As the legend goes, when Kris Thorkelson was studying pharmacy at the University of Manitoba, his dean loaned him $250 to pay the fee for his provincial exam.

Today, Thorkelson is estimated to be worth hundreds of millions of dollars, and the U.S. Food and Drug Administration has named him in an investigation into an international wholesale drug distribution network that has allegedly sold counterfeit cancer drugs to American oncologists.

Thorkelson and several other graduates in the class of '91 have become the pioneers of Manitoba's lucrative internet pharmacy industry.

Thorkelson and fellow classmate Daren Jorgenson were partners right out of university, scraping together $7,500 each to buy a pharmacy in Winnipeg's North End.

"I would describe him as a nice person, quiet, not flashy — what most people would think of a pharmacist in terms of personality," Jorgenson said.

"Family is important to him. I never got the impression money was important to Kris, but success in business was."

Buying smaller pharmacies

By 1994, though, they went their separate ways, creating new companies that sold prescription drugs to people — mostly Americans — online.

Jorgenson eventually left the online pharmacy business, but Thorkelson was quietly buying up smaller companies.

"Kris became the biggest. He is now and has been for the last four to five years by far the biggest internet pharmacy shipping into the U.S. As the smaller pharmacies closed … Kris would buy them up. His growth strategy, a lot of it involved buying up their patient lists and refills," Jorgenson said.

Today, Thorkelson owns hundreds of internet domain names, and is believed to be the largest online pharmacy in Canada.

In 2006, Thorkelson donated $500,000 to the University of Manitoba's pharmacy program, which named a laboratory after him.

"We're small-town boys that get very rich, very fast, right?" Jorgenson said. "Dumb luck — I've said it from the very beginning. We're not strategic Harvard business graduates. We just got lucky to be in the right place at the right time," he added.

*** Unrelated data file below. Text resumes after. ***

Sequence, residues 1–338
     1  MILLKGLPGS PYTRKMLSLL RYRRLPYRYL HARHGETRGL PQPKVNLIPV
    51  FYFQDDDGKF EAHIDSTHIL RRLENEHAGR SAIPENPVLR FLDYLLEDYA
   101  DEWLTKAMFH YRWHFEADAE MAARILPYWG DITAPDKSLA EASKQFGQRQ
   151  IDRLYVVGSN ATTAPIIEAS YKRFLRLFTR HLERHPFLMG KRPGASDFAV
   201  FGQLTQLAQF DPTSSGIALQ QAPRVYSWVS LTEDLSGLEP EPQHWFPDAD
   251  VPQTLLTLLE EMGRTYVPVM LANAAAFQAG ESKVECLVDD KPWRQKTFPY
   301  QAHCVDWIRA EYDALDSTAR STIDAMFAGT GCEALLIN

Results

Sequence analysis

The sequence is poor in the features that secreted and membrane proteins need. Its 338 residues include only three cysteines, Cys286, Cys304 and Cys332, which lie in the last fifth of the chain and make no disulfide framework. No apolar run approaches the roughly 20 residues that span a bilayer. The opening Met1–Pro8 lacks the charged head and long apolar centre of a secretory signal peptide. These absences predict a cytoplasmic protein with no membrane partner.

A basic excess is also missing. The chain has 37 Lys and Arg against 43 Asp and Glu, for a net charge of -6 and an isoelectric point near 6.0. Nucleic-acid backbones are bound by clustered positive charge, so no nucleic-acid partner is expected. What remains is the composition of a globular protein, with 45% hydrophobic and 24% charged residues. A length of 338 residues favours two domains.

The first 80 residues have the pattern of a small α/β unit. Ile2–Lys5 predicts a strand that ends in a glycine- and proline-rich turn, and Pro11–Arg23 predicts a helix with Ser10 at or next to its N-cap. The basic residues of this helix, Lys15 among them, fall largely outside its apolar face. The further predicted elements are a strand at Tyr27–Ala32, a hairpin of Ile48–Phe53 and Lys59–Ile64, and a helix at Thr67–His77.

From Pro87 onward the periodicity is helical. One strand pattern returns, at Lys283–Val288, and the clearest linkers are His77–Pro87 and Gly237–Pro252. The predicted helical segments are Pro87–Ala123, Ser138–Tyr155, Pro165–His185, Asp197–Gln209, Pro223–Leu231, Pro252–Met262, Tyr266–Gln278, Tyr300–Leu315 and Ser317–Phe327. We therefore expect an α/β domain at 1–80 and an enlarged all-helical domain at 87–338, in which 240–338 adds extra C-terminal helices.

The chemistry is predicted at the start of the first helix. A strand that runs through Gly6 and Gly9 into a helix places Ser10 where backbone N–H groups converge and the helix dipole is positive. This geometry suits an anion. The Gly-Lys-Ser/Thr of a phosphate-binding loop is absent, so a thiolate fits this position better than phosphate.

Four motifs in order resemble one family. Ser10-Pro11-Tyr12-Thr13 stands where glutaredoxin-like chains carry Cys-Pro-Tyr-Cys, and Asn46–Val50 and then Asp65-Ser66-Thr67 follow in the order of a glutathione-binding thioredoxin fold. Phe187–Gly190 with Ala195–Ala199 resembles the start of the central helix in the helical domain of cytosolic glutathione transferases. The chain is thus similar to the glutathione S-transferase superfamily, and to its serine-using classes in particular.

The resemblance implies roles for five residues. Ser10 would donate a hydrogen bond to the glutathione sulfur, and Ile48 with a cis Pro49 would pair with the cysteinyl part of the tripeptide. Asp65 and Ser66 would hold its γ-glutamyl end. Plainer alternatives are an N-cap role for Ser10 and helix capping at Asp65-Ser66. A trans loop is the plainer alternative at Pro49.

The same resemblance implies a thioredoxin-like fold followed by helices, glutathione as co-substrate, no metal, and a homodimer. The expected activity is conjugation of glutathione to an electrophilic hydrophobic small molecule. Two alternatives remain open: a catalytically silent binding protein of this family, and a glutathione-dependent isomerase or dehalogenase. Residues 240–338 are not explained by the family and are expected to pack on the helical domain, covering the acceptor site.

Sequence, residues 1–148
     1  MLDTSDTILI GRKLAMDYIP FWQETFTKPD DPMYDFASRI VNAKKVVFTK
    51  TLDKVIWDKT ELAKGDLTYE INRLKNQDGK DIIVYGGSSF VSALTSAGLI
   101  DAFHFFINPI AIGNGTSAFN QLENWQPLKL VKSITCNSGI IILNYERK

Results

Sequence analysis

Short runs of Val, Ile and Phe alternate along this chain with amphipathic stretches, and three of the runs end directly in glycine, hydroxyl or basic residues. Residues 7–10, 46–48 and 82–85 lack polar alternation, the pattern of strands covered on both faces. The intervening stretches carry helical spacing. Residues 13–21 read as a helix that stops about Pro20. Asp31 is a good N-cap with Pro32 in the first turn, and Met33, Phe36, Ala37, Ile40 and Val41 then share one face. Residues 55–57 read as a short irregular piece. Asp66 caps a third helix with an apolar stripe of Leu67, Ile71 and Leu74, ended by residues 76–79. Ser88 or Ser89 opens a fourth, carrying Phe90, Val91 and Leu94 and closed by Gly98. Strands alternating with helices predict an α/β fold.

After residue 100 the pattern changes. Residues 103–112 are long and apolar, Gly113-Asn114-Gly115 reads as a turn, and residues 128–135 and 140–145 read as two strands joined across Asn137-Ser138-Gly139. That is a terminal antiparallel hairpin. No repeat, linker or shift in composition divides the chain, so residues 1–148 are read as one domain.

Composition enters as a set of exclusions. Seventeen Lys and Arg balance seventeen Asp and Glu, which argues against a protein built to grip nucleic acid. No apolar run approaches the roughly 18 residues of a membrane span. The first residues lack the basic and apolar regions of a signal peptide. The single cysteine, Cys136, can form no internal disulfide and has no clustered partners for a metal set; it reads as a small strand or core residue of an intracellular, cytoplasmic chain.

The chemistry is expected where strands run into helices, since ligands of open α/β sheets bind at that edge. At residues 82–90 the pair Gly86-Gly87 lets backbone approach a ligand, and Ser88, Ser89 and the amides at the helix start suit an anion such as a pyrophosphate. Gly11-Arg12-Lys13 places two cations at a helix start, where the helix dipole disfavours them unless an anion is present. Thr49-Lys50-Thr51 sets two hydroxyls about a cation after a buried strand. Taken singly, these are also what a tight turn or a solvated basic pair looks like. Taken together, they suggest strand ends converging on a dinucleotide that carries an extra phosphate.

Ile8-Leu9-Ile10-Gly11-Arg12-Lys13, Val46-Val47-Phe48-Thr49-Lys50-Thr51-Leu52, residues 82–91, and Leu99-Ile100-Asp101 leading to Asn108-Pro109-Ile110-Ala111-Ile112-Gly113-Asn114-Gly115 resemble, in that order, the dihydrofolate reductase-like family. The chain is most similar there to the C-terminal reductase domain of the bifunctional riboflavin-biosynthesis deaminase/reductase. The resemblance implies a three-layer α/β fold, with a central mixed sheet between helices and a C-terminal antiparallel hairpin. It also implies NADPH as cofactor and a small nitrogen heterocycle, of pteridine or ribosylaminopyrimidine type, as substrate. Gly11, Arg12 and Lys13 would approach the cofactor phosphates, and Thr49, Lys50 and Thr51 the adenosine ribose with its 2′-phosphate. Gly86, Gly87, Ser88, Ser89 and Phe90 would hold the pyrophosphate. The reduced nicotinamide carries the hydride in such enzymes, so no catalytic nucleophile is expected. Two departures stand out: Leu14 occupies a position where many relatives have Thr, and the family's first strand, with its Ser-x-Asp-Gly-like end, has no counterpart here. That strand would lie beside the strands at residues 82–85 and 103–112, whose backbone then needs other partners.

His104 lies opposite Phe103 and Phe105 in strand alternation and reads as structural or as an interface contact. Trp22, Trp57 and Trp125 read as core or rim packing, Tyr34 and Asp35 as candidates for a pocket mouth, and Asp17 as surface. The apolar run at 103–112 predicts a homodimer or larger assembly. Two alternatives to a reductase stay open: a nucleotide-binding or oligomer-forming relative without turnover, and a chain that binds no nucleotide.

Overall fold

"We were doing the right thing at the beginning, we really were. We were sourcing product and helping people afford their medication and it was safe product going to people that needed it."

Uncertainty in drug supply chain

However, a combination of events introduced uncertainty into the drug supply chain.

First, the Canadian dollar increased in value, so American clients weren't saving as much money buying drugs from Canadian online pharmacies.

Then, the pharmaceutical industry limited its sales to internet pharmacies, choking their supplies and squeezing their profits.

Canada's internet pharmacies ventured into what is known as the parallel drug trade, made possible by the European Union. Wholesalers and pharmacies started buying low-cost drugs in one EU country and then reselling them at a higher price in another one.

Thorkelson's brother-in-law, Tom Haughton, is involved in that piece of the distribution network. He has set up dozens of online companies and distributors in the U.K. and Barbados.

Some of them are named in a U.S. grand jury subpoena that was recently obtained by CBC News.

Now, both Thorkelson and Haughton are people of interest in an international investigation into allegations that counterfeit versions of the cancer drugs Avastin and Altuzan were sold to U.S. oncologists.

The claims that have been made against both Thorkelson and Haughton have not been proven in court.

An official for denies any involvement.

Observers surprised

Roger Bate, who works with the American Enterprise Institute in Washington, D.C., has studied as part of his book PHAKE: The Deadly World of Falsified and Substandard Medicines.

"I was very surprised to hear that Mr. Thorkelson and CanadaDrugs were in any way implicated … because everything I know about CanadaDrugs and Mr. Thorkelson is that he has maintained a good company, he has provided good products into U.S. market, and he has probably saved a lot of lives of people who couldn't afford their medication," Bate said.

Thorkelson has not responded to interview requests by CBC News.

But in March, the chief business development officer of answered questions at the company's headquarters in a Winnipeg industrial park.

"To the best of our knowledge, the FDA is not investigating CanadaDrugs," Brock Gunter-Smith said at the time.

He acknowledged that several of's owners and distributors are named in the FDA investigation and the grand jury subpoena.

However, he said there is no evidence any tainted drugs have ever gone through the Winnipeg-based company.

Jorgenson said he knows Thorkelson must feel sick about any connection between his companies and counterfeit drugs.

"I went to school with this guy. I sat beside him in pharmacy school for three, four years. [We] opened our first business," he said.

I never honestly saw Kris do anything unethical. Ever."